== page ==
Option C. 

by Boss (16.4k points)
edited by
Question says 'n', so we cant take 3n.
I am taking min - heap as my answer n + 3logn.
but to make a min heap?
oh yah!! then D should be answer.
but answer is C :)
i am working i think using divide conquer is possible !!

    Can u explain 4th method ??

    Here how u r taking - second minimum  = log2n - 1 compare
                                      third minimum      = loglog2n - 1 compare

When we find 1st min using binary tree there will be n-1 compare and logn level tree now for second min we have to compare to only those element to which 1 is compared in 1st iteration coz second min will among only among them i.e only logn element so compare logn-1 similarly for third min.
how lg(lg n) for 3rd minimum
for third min we have left with loglogn elements. coz we have to compare among them only to which second min is compared tree level will be loglogn.
3rd term is not log log n.. You have to include those who lost from 1st in 1st round + those who lost from 2nd in first round too..take 16 numbers & check...otherwise in some cases u will not get right answer.  Thanks Bala.
+16 votes
Compare two elements at a time.

$n/2 + n/4 + n/8 + \dots +1 = n $

So, with $n$ comparisons we get the smallest element. The second smallest element must be compared with this smallest element at some point and since we have done $\log n$ levels of comparisons, we have $\log n$ possibility for this second smallest element. Similarly, we have an upper bound of $\log n$ comparisons for the third smallest element- but we need extra space to achieve this time complexity. Option C.
by Veteran (424k points)
0 votes
Is is some what similar to what himanshu1 stated but calculations required are less

It can be found using TOURNAMENT APPROACH

minimum element can be found using n-1 comparison

2 nd minimum will compare with all those who lost against minimum so it contains n/2 elements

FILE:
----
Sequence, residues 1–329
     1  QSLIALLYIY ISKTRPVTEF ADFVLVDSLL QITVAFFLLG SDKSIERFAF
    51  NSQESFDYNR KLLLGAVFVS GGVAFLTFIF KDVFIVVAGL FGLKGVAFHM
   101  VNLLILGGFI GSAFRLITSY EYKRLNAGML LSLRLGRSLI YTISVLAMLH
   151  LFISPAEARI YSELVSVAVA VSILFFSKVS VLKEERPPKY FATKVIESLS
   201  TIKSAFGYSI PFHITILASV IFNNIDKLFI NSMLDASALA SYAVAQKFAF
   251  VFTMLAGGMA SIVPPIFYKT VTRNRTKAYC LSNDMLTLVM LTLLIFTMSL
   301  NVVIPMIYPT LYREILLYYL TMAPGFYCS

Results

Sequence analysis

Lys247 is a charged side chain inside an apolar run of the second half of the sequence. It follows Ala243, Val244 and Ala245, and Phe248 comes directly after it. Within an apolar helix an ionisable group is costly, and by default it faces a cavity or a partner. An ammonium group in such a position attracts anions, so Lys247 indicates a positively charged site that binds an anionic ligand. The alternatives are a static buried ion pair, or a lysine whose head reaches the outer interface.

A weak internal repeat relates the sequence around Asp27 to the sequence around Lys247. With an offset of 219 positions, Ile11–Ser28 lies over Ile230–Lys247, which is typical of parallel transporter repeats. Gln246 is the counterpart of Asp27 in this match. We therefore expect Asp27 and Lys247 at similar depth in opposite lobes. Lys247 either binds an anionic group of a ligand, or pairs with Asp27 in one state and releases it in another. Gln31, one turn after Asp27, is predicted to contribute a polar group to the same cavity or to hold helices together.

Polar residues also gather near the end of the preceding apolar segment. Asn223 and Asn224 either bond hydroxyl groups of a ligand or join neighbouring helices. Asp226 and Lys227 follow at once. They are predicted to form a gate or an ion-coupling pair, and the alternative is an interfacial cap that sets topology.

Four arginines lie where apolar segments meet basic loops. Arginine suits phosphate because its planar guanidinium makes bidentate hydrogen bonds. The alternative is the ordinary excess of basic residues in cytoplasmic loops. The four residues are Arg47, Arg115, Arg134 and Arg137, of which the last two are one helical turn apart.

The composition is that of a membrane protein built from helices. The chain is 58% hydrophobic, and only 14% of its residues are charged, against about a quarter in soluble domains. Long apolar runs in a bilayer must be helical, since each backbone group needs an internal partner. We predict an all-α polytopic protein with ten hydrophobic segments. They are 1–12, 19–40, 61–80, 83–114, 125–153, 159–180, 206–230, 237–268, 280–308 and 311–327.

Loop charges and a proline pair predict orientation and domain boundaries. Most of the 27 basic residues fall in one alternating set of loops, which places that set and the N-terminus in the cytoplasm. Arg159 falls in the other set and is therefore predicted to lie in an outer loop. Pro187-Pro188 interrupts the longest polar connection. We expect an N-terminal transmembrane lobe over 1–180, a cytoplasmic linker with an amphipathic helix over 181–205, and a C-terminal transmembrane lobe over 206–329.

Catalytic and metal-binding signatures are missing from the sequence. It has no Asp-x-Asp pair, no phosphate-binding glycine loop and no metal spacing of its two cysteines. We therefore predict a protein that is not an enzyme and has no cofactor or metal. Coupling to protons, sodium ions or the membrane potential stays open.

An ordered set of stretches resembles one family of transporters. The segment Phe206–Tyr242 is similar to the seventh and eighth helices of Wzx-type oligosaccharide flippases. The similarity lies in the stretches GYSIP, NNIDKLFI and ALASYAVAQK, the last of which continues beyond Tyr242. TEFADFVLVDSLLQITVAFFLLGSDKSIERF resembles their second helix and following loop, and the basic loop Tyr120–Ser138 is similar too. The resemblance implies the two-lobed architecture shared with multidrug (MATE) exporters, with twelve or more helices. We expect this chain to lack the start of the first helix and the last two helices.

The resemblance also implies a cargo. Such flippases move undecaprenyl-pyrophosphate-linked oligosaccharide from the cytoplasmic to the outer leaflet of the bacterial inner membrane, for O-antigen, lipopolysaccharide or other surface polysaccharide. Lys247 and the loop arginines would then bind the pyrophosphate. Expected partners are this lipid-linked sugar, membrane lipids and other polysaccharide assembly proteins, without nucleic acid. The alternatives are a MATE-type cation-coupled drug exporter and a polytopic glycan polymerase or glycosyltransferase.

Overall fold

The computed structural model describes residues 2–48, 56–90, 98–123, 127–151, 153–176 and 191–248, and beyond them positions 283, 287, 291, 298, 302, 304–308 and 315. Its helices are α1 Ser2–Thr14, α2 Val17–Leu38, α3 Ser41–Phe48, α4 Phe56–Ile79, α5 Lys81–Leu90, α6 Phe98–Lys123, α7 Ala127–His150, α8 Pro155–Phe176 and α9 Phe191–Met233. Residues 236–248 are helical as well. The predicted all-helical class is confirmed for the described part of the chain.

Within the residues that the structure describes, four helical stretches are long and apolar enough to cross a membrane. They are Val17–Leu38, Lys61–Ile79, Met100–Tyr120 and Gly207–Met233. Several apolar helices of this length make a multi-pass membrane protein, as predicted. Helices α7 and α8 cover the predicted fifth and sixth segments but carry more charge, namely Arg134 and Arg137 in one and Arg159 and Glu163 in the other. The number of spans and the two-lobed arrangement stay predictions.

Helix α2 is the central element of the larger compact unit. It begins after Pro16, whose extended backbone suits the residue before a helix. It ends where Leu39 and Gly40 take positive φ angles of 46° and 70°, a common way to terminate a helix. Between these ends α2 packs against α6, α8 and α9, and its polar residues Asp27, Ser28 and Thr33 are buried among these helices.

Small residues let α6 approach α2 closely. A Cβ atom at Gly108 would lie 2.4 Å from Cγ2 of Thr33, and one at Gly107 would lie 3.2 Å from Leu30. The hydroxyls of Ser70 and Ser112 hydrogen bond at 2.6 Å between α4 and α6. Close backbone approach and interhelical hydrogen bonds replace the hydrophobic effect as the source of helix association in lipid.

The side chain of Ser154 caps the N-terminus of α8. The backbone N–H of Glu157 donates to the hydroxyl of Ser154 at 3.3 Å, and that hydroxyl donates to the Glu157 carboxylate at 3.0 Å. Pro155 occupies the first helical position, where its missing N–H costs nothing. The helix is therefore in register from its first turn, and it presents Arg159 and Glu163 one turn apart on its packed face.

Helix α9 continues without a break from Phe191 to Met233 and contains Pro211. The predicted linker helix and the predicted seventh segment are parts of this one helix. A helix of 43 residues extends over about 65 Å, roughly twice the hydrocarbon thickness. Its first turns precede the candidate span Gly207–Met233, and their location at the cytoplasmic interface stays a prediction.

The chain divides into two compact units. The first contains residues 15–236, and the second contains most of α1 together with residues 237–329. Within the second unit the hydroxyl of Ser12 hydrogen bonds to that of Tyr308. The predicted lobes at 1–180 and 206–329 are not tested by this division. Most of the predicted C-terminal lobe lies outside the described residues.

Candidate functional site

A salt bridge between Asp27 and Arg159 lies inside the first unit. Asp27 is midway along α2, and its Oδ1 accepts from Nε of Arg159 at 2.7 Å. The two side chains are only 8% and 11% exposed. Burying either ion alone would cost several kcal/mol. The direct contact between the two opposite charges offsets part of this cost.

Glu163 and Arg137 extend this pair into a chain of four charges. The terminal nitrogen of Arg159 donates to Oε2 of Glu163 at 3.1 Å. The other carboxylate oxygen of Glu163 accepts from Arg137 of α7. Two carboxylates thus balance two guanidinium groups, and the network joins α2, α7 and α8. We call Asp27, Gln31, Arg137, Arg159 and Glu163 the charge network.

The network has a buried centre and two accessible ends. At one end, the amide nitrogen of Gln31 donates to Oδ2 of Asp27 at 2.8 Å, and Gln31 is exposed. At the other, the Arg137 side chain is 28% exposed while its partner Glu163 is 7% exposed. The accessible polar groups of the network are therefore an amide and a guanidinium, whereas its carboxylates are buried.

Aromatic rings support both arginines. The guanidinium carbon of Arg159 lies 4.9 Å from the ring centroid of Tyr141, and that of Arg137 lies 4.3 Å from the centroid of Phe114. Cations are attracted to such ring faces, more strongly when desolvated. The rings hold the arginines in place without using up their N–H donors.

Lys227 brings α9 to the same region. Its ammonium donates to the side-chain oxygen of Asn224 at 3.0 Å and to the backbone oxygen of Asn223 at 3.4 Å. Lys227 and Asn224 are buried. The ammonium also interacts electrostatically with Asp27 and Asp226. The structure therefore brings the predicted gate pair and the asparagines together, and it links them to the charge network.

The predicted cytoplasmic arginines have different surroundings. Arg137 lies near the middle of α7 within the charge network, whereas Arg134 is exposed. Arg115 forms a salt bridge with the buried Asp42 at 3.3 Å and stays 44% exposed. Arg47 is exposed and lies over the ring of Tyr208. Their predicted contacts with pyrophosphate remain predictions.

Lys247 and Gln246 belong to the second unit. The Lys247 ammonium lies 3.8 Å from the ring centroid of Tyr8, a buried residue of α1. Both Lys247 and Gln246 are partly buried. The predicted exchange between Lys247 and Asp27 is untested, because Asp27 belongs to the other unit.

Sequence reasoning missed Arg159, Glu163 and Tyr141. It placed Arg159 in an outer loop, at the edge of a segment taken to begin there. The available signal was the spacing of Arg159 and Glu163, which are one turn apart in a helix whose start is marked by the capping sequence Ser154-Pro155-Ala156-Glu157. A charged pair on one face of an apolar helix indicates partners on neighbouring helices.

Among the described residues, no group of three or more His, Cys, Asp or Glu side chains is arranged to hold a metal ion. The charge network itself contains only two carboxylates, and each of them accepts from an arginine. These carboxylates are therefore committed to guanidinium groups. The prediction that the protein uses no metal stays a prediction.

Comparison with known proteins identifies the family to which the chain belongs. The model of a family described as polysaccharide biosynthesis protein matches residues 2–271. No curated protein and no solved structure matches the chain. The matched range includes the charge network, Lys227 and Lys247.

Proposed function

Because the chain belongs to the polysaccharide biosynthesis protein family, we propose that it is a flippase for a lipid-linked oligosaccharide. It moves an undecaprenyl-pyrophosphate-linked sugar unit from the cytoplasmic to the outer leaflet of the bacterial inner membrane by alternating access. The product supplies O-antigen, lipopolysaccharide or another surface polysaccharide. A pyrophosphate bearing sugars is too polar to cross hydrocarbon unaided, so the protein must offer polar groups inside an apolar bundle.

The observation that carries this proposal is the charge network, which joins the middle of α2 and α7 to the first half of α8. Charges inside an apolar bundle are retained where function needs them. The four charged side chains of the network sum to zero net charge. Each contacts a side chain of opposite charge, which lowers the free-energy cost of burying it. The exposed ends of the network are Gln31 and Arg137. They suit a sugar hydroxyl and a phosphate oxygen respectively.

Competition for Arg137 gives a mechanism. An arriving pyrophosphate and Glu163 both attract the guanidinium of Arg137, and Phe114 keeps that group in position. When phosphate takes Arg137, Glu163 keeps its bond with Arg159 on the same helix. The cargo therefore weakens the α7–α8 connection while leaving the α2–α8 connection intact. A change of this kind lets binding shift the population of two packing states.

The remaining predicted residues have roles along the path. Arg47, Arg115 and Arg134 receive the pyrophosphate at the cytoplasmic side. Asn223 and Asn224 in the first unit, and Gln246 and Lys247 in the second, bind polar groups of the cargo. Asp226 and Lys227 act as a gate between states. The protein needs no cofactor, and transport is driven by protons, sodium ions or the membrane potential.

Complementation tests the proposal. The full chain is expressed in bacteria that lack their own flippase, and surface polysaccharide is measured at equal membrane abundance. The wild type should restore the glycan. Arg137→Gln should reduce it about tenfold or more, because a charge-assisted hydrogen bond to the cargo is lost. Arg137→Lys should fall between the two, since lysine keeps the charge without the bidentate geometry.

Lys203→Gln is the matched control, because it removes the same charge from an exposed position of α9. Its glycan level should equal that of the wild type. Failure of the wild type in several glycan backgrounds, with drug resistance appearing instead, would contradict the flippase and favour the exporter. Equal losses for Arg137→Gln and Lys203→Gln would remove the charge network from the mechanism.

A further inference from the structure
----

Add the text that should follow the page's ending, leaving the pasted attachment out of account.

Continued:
So second minimum can be found in

Log(n/2-1) comparison

Similarly third smallest can be found using Log(Log(n/4-1)) comparison

Total complexity O(n-1 +Log(n/2-1)+(log(n/2-1)+log(n/4-1)) )

Which is equal of O(n+ klogn)


C should be correct
by Boss (18.3k points)
edited by
Your 1st statement is not correct.  
Minimum can be found in n-1 comparisons,
second minimum n-1+ log n -1 &
3rd minimum
n-1 + log n  -1 + loglog n  -1
Oh yes you are correct
No I was not fully correct... 3rd term is not log log n.. You have to include those who lost from 1st in 1st round + those who lost from 2nd in first round too..take 16 numbers & check...otherwise in somecases u will not get right answer.  Thanks Bala.
i have to work on algorithm again

Thanks Ahwan
0 votes

Answer is (C) part.


Some analysis of B part.

First create min heap(build max heap). It will take at max 2(n-1) comparison. Now 1st minimum you can get directly(root of the tree). Now 2 and 3 could also be obtained in constant number of comparison( Caution - Do not use extractMinHeap function). 

But (B) part says 'n' it is not O(n). So answer can not be (B) part. Just review others comments for more explanation.

Thanks guys for correcting me.

by Boss (13.3k points)
edited by

@Chhotu..You really don't read entire discussions :(

Your doubt have already been answered by Arjun sir above.

n not equal to O(n).

Option B says 'n' and not O(n).

Please check my comment after his comment.
:) you are not getting it.

See O(N) can be = 2n or 3n or 10000n or 1200000000n  in general <=constant n

Now build heap =O(n) is not necessarily equal to n it can be any of the above.

PS: Constant comparisons=O(1) is not the point here.
Thanks for correcting me.
–1 vote
ans will be B

construct a min heap and find the smallest 3r d element is O(1)

so total time req is O(n).
by Boss (10.4k points)
n not equal to O(n).
to create a min heap it will take O(n) .

and to find the 3rd  smallest elements we need to check 7 elements from the top . which takes O(1) .

so it will take O(n).
Option B says 'n' and not O(n).

@Arjun Sir, 

Very good observation. But i think some K(here k is 7) no. of comparison could be written as O(1). am i correct ?

Reference ->

good try @Pranay :-)

this doubt should have been cleared to me also that N and O(N) are not the same !!!